Co-encapsulation of antigen and Toll-like receptor ligand in cationic liposomes affects the quality of the immune response in mice after intradermal vaccination

Publication Type:

Journal Article

Source:

Vaccine, Volume 29, Number 5, pp. 1045-1052 (2011)

ISBN:

0264-410X

DOI Name (links to online publication)

10.1016/j.vaccine.2010.11.061

Keywords:

skin; intradermal vaccination; liposomes; tlr ligands; lipid vesicle size; synthetic lipopeptides; dendritic cells; influenza vaccine; delivery systems; in-vivo; adjuvants; DNA; induction; immunization

Abstract:

Enhanced immunogenicity of subunit antigens can be achieved by antigen encapsulation in liposomes and the addition of immune potentiators. In this study we co-encapsulated ovalbumin (OVA) and a Toll-like receptor (TLR) ligand (PAM(3)CSK(4) (PAM) or CpG) in cationic liposomes and investigated the effect of the formulations on dendritic cell (DC) maturation in vitro and on the immune response in mice after intradermal immunisation. Co-encapsulation of PAM did not affect the OVA content of the liposomes, but co-encapsulation of CpG led to a decrease in OVA content by 25%. After liposomal encapsulation, both ligands retained the ability to activate TLR-transfected HEK cells, though PAM only induced activation at elevated concentrations. DC maturation induced by liposome-based adjuvant formulations was superior compared to the free adjuvants. Encapsulation of PAM and CpG in liposomes did not influence the total IgG titres compared to the antigen/adjuvant solution, but OVA/CpG liposomes shifted the IgG1/IgG2a balance more to the direction of IgG2a compared to non-encapsulated CpG. Moreover, only this formulation resulted in IFN-gamma production by restimulated splenocytes from immunised mice. These data show that co-encapsulation of antigen and immune potentiator in cationic liposomes, can affect the type of immune response generated after intradermal immunisation. (C) 2010 Elsevier Ltd. All rights reserved.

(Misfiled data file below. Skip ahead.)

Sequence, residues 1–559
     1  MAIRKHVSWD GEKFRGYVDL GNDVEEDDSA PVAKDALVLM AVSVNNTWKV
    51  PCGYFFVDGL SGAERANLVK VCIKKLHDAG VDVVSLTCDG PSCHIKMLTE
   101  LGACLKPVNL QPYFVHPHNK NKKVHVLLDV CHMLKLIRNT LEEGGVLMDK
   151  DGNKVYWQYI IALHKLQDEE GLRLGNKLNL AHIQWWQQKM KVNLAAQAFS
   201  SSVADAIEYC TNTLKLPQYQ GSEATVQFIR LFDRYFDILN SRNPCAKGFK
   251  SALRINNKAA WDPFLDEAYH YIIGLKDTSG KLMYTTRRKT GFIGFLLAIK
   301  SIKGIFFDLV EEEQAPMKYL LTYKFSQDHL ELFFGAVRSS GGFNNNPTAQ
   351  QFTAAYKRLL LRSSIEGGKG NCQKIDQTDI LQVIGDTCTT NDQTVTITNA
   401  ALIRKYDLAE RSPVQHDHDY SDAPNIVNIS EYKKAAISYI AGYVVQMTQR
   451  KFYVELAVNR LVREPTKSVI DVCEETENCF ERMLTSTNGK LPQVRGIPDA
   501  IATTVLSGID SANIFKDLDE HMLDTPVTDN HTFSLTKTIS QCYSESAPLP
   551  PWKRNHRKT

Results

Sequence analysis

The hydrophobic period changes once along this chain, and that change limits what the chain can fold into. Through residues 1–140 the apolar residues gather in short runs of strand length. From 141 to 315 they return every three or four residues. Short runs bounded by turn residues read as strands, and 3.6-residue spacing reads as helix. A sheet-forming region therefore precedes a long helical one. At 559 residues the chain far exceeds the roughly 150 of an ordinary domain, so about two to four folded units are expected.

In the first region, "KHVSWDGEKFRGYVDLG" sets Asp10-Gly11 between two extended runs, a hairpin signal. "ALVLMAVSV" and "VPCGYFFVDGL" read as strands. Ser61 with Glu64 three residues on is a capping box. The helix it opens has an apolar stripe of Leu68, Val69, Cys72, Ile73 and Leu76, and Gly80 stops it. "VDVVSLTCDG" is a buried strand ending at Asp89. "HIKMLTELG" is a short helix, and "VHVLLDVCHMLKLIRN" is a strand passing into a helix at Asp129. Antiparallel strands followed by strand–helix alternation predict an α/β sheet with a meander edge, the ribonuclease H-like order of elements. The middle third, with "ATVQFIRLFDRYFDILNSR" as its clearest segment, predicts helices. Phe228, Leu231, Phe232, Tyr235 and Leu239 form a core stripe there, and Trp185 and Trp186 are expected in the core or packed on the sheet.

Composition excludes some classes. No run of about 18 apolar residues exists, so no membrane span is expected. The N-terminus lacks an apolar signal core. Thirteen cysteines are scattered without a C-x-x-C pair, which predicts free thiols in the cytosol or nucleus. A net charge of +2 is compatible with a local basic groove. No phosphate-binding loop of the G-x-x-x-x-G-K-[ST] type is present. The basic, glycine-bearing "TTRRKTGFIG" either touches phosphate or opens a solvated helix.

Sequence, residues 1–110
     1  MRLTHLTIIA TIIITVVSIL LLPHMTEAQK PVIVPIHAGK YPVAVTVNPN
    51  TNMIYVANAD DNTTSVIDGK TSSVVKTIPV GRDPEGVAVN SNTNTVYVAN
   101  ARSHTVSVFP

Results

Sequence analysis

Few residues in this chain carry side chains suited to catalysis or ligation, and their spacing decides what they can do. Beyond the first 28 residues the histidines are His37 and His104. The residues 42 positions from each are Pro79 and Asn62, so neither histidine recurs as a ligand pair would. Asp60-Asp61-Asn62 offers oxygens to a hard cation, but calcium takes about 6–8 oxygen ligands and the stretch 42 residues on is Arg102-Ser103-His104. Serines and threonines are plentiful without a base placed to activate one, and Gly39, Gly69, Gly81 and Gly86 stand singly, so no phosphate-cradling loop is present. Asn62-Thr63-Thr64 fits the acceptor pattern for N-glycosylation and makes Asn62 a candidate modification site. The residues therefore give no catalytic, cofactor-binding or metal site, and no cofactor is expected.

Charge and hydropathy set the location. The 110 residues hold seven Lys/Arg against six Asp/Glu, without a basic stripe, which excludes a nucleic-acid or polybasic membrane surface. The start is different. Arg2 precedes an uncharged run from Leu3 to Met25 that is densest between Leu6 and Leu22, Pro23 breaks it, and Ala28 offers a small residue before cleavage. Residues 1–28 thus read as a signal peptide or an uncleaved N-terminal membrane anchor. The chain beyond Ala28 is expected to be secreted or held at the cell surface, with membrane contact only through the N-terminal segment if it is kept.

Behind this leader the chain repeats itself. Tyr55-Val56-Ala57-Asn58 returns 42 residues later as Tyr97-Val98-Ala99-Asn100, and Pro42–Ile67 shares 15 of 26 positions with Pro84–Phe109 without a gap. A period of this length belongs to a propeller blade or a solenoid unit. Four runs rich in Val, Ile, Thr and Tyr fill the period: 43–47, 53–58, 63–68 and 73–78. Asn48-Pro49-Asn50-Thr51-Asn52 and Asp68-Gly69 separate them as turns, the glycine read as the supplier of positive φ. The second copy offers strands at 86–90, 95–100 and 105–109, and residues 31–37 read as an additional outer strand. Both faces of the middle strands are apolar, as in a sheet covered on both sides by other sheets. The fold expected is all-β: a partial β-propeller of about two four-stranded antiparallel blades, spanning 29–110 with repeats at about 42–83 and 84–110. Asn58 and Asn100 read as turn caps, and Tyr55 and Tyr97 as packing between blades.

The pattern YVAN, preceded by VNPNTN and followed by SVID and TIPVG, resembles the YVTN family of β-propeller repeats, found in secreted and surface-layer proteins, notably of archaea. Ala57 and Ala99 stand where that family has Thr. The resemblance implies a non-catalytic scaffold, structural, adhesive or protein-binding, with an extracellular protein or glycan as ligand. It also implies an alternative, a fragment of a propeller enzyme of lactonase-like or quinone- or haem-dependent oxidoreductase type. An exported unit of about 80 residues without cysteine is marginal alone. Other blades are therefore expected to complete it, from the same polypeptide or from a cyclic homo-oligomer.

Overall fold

19/04/2011